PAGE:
Why we need to see exercise as medicine for the brain

Typically, when people list why they exercise they reference weight loss, fitness or strength. Rarely does depression or anxiety treatment make the list. This is no surprise given that for many years talking therapies have been the go to for treatment of these conditions. 

Exercise enthusiasts regularly preach the mood benefits of exercise and we are now blessed with a wealth of research on this topic to back up the feeling. A dive into the research suggests two things; exercise to be an anti-depressant with both short-term and long-term benefits; and a sedentary lifestyle to be a depressant. Many studies report high fitness levels to be a protective factor against development of future depression and anxiety and this makes sense when we consider our ancestral hunter and gatherer roots.

A look in to the daily lives of a hunter and gatherer makes it quite evident that we were made to move. Hunter and gatherer tribes on average walk/run 6.5km – 15km/day, quite a stretch for the average westerner working in an office bound environment, ever so reliant on technological and mechanical conveniences. A recent study by the Lancet found the physical activity levels of Australian teens to be some of the worst ranked in the world coming in at 140 out of 146 countries according to WHO physical activity guidelines. Whereas a health report that came out in 2015 found 30% of adults are considered sedentary. 

So why is exercise effective in improving depressive and anxiety symptoms? The answer can be summarised into two categories; physiological and psychological. When you start to exercise your body goes into flight or fight mode, a situation which causes an influx of neurotransmitters into the circulatory system which best enhances our ability for survival. Many of these neurotransmitters, better known as endorphins, stimulate and enhance the brain in profound ways.

If you are a novice to exercise, or active hobbies in general, it is normal to be nervous and unsure about where to start. Arguably, this is where the most powerful mental benefits can be achieved. Willingly choosing to expose yourself to something physically challenging and achieving personal goals builds self-efficacy and with it, a boost in confidence to overcome difficult challenges. This is where we see the most addictive and powerful mood benefits. We need to think of exercise as medicine for the brain.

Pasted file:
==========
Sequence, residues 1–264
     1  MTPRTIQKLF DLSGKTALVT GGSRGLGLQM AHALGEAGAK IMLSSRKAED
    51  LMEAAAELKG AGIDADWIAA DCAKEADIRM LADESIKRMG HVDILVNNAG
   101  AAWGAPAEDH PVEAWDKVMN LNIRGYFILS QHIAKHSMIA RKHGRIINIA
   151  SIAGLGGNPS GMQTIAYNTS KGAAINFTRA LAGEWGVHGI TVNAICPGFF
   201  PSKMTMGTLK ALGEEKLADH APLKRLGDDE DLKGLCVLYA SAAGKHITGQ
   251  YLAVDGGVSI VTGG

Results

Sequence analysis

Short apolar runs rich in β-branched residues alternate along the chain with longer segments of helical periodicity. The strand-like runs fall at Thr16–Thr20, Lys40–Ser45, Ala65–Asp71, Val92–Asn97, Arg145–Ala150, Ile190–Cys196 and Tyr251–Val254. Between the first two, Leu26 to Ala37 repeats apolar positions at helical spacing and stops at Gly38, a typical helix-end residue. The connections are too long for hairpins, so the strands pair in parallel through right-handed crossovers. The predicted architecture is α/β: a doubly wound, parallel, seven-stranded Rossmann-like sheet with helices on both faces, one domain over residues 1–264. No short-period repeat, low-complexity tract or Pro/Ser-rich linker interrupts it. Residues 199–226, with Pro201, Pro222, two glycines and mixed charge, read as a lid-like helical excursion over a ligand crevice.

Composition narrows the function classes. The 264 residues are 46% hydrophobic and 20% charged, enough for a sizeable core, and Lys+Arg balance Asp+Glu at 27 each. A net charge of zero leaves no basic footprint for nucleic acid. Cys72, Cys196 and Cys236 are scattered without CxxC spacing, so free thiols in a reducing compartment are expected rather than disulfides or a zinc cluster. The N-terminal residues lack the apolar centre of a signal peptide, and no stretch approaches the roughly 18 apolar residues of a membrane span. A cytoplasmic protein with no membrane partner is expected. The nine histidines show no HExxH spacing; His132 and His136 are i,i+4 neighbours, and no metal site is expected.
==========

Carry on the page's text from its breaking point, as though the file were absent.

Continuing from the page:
So, if we should be thinking of exercise as medication, how much, how long and how often should we be doing it? Current guidelines for exercise are geared towards improving our physical health and as such, we lack clear guidelines on what is necessary for achieving good mental health. Studies have shown as little as 10-15 min bouts of exercise can reduce stress, depressive symptoms and improve self-esteem in adults.

The research clearly shows a dose-response relationship, suggesting the more you exercise, the greater the benefit will be.  The best prescription I have synthesised from the research is as follows; something is better than nothing however, more is generally better. 

To be able to support our patients in achieving these goals, this year Pine Rivers Private Hospital has opened of a new exercise room available to inpatients during their stay. The exercise room, which includes a treadmill, bike and cross trainer, was installed due to overwhelming patient feedback.  Our aim is to better assist patients in achieving a comprehensive plan for their mental health goals, including exercise.   

We also encourage our Inpatients to take part in our Walking Towards Wellness group which takes patients on a 30min walk around the area, using this time to take in surroundings in a mindful way – being aware of what is happening and how they are feeling during this time.

Exercise duration and frequency aside, it is important to find something that you enjoy. Whether this is walking, running, swimming or boxing – take the time to find something that makes you want to go back! 

To find out more about the programs that Pine Rivers Private Hospital has to offer or to discuss our inpatient programs please contact 3881 7222 to speak to our Intake Team.

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